The words wabi and sabi were not always linked, although they've been together for such a long time that many people (including D. T. Suzuki) use them interchangeably. One tea teacher I talked with begged me not to use the phrase wabi-sabi because she believes the marriage dilutes their separate identities; a tea master in Kyoto laughed and said they're thrown together because it sounds catchy, kind of like Ping-Pong. In fact, the two words do have distinct meanings, although most people don't fully agree on what they might be.

Wabi stems from the root wa, which refers to harmony, peace, tranquillity, and balance. Generally speaking, wabi had the original meaning of sad, desolate, and lonely, but poetically it has come to mean simple, unmaterialistic, humble by choice, and in tune with nature. Someone who is perfectly herself and never craves to be anything else would be described as wabi. Sixteenth-century tea master Jo-o described a wabi tea man as someone who feels no dissatisfaction even though he owns no Chinese utensils with which to conduct tea. A common phrase used in conjunction with wabi is "the joy of the little monk in his wind-torn robe." A wabi person epitomizes Zen, which is to say, he or she is content with very little; free from greed, indolence, and anger; and understands the wisdom of rocks and grasshoppers.

Until the fourteenth century, when Japanese society came to admire monks and hermits for their spiritual asceticism, wabi was a pejorative term used to describe cheerless, miserable outcasts. Even today, undertones of desolation and abandonment cling to the word, sometimes used to describe the helpless feeling you have when waiting for your lover. It also carries a hint of dissatisfaction in its underhanded criticism of gaud and ostentation-the defining mark of the ruling classes when wabisuki (a taste for all things wabi) exploded in the sixteenth century. In a country ruled by warlords who were expected to be conspicuous consumers, wabi became known as "the aesthetic of the people"-the lifestyle of the everday samurai, who had little in the way of material comforts.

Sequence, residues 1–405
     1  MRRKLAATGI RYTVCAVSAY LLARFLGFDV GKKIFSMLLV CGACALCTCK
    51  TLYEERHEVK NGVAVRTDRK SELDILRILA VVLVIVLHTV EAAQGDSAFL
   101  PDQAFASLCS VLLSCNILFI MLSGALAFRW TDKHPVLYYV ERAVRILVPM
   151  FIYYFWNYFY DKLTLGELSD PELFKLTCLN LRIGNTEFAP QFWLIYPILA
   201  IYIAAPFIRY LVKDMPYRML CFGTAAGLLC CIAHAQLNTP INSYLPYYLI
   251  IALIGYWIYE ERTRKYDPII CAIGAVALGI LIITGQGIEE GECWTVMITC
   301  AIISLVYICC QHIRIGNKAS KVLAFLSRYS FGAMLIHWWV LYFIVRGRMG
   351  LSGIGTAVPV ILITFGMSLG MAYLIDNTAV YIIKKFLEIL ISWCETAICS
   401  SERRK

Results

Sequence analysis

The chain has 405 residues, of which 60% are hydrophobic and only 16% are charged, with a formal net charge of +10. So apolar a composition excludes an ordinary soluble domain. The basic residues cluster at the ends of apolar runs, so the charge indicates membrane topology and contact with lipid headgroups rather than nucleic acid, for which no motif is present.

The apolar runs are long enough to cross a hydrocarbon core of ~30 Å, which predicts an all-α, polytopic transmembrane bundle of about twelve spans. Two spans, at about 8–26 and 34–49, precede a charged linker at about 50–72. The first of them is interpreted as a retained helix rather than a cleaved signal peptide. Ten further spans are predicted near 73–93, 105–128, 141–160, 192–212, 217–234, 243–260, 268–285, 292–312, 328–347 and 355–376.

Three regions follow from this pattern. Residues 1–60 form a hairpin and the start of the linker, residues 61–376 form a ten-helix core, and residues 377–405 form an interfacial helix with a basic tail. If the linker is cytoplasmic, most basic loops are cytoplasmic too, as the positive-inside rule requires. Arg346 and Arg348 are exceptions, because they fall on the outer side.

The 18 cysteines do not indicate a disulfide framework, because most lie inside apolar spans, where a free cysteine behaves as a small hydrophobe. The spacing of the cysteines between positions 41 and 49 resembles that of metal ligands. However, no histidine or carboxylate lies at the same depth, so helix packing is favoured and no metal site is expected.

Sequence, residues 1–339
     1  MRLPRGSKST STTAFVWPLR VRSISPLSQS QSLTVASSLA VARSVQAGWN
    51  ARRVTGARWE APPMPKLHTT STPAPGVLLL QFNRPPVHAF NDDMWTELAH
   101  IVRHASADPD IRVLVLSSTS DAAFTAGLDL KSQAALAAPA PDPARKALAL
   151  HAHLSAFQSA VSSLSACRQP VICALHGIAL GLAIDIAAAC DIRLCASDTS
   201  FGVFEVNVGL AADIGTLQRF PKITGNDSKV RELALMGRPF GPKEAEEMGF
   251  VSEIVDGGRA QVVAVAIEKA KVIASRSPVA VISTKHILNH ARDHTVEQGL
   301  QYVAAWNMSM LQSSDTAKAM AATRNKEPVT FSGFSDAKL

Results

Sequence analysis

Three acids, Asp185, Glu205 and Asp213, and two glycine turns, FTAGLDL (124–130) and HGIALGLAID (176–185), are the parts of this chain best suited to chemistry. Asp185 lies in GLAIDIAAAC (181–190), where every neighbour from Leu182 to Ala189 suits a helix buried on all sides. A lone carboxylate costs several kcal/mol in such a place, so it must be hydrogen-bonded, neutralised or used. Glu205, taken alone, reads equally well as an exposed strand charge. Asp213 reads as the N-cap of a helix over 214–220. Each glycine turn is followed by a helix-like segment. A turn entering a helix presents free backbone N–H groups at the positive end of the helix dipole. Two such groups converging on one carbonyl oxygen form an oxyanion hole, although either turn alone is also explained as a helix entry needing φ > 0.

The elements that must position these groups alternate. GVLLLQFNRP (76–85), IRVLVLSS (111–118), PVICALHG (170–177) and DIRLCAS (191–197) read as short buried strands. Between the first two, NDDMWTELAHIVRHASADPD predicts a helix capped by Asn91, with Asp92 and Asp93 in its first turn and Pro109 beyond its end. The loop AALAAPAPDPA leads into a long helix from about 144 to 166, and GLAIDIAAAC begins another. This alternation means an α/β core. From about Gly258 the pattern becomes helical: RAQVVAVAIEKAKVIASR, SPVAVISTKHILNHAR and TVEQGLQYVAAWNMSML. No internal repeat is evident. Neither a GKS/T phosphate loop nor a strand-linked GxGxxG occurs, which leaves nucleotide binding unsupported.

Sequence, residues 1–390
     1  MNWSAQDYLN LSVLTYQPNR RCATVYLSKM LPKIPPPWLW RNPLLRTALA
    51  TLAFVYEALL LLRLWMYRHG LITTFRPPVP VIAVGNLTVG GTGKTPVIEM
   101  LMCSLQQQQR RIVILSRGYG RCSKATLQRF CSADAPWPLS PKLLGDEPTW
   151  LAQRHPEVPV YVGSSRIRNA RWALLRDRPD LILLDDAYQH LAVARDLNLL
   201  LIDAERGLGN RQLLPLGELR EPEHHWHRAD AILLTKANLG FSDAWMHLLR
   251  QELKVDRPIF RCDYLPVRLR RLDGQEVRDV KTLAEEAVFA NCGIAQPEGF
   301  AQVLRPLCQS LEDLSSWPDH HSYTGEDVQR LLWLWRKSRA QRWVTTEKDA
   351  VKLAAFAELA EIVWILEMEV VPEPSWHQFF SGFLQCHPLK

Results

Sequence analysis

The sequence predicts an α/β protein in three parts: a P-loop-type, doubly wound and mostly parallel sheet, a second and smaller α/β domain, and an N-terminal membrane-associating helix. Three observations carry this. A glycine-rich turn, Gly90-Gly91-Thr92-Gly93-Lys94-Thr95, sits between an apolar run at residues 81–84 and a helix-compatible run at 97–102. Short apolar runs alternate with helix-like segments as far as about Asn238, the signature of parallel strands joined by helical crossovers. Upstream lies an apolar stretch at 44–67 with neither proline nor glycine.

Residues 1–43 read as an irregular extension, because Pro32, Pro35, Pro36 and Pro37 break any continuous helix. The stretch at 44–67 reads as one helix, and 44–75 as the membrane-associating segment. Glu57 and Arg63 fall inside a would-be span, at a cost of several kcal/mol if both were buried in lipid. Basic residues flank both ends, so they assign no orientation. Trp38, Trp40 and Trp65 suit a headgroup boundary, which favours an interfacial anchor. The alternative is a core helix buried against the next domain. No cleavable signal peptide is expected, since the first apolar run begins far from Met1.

Sabi by itself means "the bloom of time." It connotes natural progression-tarnish, hoariness, rust-the extinguished gloss of that which once sparkled. It's the understanding that beauty is fleeting. The word's meaning has changed over time, from its ancient definition, "to be desolate," to the more neutral "to grow old." By the thirteenth century, sabi's meaning had evolved into taking pleasure in things that were old and faded. A proverb emerged: "Time is kind to things, but unkind to man."

Sabi things carry the burden of their years with dignity and grace: the chilly mottled surface of an oxidized silver bowl, the yielding gray of weathered wood, the elegant withering of a bereft autumn bough. An old car left in a field to rust, as it transforms from an eyesore into a part of the landscape, could be considered America's contribution to the evolution of sabi. An abandoned barn, as it collapses in on itself, holds this mystique.

There's an aching poetry in things that carry this patina, and it transcends the Japanese. We Americans are ineffably drawn to old European towns with their crooked cobblestone streets and chipping plaster, to places battle scarred with history much deeper than our own. We seek sabi in antiques and even try to manufacture it in distressed furnishings. True sabi cannot be acquired, however. It is a gift of time.